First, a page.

King Charles III with guests during a reception to mark the 75th anniversary of the arrival of HMT Empire Windrush at Buckingham Palace on June 14, 2023 in London. (Photo by Chris Jackson/Getty Images)
NOBODY would today tell the story of post-war migration to Britain without reference to the Windrush.
The scale of attention to this week’s 75th anniversary of the boat’s arrival, at Tilbury Dock in 1948, speaks of its importance as a historic moment. It has become a symbolic ‘origins story’ of both the large-scale Black Caribbean presence in post-war Britain and the broader wave of Commonwealth migration that began this new chapter in the making of a modern, multi-ethnic Britain.
Yet that was not always the case. The meaning of Windrush has shifted from generation to generation. It was the catalytic moment of the 50th anniversary in 1998, marked by a major BBC television series based on a Windrush history by Mike and Trevor Phillips, which brought the story to mass public attention. As Trevor Phillips told IWM’s ‘From War to Windrush 75’ symposium on Saturday, it was not that these stories were not being told, but that there was not yet a significant mainstream attention to them.
This 75th anniversary year is an opportunity to reflect on race in Britain and to deepen the public conversation about our past, present and future. Indeed, the post-war period can be seen as a tale of three quarter-centuries, in which the British experience of race –opportunity and discrimination, racism and recognition – has shifted significantly in each generation.
The first 25 years is the story of the Windrush Generation itself – the contested story of arrival, adventure and expectation, yet also of discrimination and disillusionment. It is a story of racism and of resilience, as those who came as British citizens found that their status was not recognised or respected. It was a sharply contested story – the era of the Windrush Generation, 1948 to 1973, is defined by the end of Commonwealth free movement, once the 1971 Immigration Act built on the gradual restrictions of 1962 and 1968. The Windrush generation had little public voice, even as fierce arguments raged about their presence in the country – whether in the Powellite politics of repatriation, or the more benign response of the first anti-discrimination legislation in the 1960s, passed by parliaments that remained all-white.
The quarter-century from 1973 to 1998 was a different story. Immigration may have been curbed but the emerging diversity of Britain was here to stay. So the first British-born generation began to benefit more from broader opportunities in education, employment and public life, which the sacrifices of the pioneering generation had made possible. There were breakthroughs in national politics, sport, the law, media and other fields. As I reflect on in my book How to be a patriot, it is this generational experience of multicultural advance that informs the broadening-out of identity and opportunity in this period.
Those born in this century will often see things differently. They inherit the progress that has gone before, yet have higher expectations of how the remaining barriers to equal opportunities must be dismantled at pace. The last quarter-century, after 1998, has been a more complex one, of challenge and contestation, advance and retreat. There has never been more black and Asian presence in our public life, yet there is also more polarisation around issues of identity and race.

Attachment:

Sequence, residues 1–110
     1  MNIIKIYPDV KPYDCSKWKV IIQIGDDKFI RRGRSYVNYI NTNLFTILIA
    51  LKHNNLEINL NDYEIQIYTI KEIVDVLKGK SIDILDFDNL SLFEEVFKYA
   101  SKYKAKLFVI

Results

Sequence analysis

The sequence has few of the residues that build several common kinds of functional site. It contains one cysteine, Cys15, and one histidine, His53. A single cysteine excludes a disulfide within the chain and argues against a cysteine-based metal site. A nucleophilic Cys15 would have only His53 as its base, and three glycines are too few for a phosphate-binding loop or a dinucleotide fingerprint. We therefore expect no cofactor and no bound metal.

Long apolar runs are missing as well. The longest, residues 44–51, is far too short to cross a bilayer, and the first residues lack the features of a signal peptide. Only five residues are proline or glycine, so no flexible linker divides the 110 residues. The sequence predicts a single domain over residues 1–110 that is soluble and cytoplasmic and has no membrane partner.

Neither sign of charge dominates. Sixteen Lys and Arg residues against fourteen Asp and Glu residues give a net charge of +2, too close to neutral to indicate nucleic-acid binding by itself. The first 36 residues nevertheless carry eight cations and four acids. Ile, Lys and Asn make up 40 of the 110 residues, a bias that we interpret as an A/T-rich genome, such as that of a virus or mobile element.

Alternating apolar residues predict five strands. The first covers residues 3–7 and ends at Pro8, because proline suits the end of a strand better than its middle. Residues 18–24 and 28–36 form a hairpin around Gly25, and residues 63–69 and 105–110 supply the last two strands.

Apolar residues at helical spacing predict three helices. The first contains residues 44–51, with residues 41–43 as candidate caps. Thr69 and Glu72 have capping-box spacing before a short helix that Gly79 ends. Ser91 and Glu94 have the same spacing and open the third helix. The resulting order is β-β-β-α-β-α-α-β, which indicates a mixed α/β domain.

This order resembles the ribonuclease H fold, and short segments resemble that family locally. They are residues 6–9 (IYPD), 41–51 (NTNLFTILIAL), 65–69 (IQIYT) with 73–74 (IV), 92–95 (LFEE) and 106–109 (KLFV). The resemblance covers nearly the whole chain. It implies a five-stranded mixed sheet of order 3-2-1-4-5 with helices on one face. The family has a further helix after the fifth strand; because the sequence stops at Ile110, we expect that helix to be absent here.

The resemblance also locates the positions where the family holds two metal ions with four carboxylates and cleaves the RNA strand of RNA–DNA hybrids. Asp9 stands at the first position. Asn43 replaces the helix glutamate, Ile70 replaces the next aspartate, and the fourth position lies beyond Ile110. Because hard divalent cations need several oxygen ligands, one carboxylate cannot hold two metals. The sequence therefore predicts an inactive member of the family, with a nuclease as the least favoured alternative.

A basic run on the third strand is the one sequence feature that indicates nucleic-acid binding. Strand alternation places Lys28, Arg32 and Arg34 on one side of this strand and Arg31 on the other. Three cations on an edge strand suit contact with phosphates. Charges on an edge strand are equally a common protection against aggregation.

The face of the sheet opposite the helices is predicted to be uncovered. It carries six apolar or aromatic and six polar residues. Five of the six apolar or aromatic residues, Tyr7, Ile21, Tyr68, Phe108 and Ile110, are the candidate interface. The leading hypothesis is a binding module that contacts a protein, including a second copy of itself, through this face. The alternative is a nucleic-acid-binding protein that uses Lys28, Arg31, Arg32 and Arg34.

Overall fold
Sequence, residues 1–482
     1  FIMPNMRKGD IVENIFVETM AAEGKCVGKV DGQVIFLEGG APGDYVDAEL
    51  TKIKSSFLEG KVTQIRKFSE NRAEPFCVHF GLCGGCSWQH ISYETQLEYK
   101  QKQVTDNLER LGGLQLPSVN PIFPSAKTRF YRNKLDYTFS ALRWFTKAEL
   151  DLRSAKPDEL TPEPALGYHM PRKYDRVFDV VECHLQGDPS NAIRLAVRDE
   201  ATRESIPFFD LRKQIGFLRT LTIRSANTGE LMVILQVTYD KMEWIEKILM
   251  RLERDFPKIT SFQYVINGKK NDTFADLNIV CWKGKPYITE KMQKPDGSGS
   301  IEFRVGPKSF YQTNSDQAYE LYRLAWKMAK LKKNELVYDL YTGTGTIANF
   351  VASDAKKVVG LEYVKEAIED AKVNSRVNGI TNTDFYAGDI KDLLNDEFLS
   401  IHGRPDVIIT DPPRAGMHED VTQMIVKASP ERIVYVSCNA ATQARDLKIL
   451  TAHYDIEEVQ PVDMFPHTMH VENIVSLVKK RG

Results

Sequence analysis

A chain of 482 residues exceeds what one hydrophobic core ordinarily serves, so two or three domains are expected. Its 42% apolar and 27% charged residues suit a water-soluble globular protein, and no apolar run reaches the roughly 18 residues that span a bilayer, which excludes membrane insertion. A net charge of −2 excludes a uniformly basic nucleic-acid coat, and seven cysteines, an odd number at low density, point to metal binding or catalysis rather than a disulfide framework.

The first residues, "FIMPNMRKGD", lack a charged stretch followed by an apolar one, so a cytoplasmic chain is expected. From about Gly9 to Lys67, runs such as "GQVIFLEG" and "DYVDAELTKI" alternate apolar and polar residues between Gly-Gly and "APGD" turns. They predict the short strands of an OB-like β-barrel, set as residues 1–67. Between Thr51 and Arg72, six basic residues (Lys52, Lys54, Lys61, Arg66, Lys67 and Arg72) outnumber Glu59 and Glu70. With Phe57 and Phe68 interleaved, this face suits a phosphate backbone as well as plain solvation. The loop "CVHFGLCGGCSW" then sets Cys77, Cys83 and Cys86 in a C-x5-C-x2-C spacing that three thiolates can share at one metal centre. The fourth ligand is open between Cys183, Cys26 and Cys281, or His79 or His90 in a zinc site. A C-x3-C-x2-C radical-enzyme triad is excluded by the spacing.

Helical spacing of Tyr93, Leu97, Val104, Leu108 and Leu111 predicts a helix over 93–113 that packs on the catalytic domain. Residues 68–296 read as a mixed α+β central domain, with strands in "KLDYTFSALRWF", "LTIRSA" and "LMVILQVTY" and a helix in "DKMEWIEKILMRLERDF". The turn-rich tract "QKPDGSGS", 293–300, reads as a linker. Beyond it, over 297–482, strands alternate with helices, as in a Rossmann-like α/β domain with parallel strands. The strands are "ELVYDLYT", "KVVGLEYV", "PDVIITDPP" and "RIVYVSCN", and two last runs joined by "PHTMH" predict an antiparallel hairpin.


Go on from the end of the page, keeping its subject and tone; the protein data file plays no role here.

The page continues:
As Kamal Ahmed, of mixed Sudanese and English parentage, reflected at the IWM conference, the experiences of both the first and second generation were, to a significant extent, often shared across black and Asian minority groups. There is both a shared and parallel interest in recording and capturing the stories of the experiences of the first generation before it is too late. The pattern of opportunity and disadvantage has also become more complex. In part the retreat of the overt racism of the 1970s and 1980s made an umbrella identity of ‘political blackness’ less relevant to British Asians by the 1990s. British Muslims came under increased scrutiny and pressure following the 9/11 and 7/7 Islamist terrorist attacks. The Black Lives Matter anti-racism protests of 2020 reflected increasing scepticism among the Black British about the relevance of a ‘BAME’ label, not just because few people from any minority ethnic or faith background are likely to personally identify with such an umbrella term, but because more attention was needed to explore distinct dynamics of opportunity and disadvantage, including the specific challenges of anti-Black racism.
Three-quarters of a century into this story of modern Britain, one lesson of reflecting on the history of race is just how much can change in each generation. The anniversary is an opportunity to express how much of the progress we have made reflects the contribution and resilience of the first post-Windrush generation. The most important legacy would be to look forward as well as back, by renewing our efforts to redeem the full promise of a shared citizenship – by addressing those barriers to equal opportunity, equal voice and equal status in modern Britain that still remain.